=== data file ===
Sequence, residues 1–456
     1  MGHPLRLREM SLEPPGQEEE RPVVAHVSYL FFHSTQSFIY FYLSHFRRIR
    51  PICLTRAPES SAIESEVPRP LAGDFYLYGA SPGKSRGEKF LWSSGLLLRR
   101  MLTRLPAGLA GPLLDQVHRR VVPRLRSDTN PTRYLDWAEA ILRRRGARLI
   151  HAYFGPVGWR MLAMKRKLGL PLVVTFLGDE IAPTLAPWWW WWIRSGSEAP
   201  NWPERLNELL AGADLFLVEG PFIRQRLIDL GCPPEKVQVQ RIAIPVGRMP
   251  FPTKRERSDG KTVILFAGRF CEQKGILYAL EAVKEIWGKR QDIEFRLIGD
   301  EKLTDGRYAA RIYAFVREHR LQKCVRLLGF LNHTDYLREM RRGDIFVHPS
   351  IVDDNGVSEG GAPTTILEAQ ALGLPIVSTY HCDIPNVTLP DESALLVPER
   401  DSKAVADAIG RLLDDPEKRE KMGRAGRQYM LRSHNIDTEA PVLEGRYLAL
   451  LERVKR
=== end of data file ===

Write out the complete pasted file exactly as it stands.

Sequence, residues 1–456
     1  MGHPLRLREM SLEPPGQEEE RPVVAHVSYL FFHSTQSFIY FYLSHFRRIR
    51  PICLTRAPES SAIESEVPRP LAGDFYLYGA SPGKSRGEKF LWSSGLLLRR
   101  MLTRLPAGLA GPLLDQVHRR VVPRLRSDTN PTRYLDWAEA ILRRRGARLI
   151  HAYFGPVGWR MLAMKRKLGL PLVVTFLGDE IAPTLAPWWW WWIRSGSEAP
   201  NWPERLNELL AGADLFLVEG PFIRQRLIDL GCPPEKVQVQ RIAIPVGRMP
   251  FPTKRERSDG KTVILFAGRF CEQKGILYAL EAVKEIWGKR QDIEFRLIGD
   301  EKLTDGRYAA RIYAFVREHR LQKCVRLLGF LNHTDYLREM RRGDIFVHPS
   351  IVDDNGVSEG GAPTTILEAQ ALGLPIVSTY HCDIPNVTLP DESALLVPER
   401  DSKAVADAIG RLLDDPEKRE KMGRAGRQYM LRSHNIDTEA PVLEGRYLAL
   451  LERVKR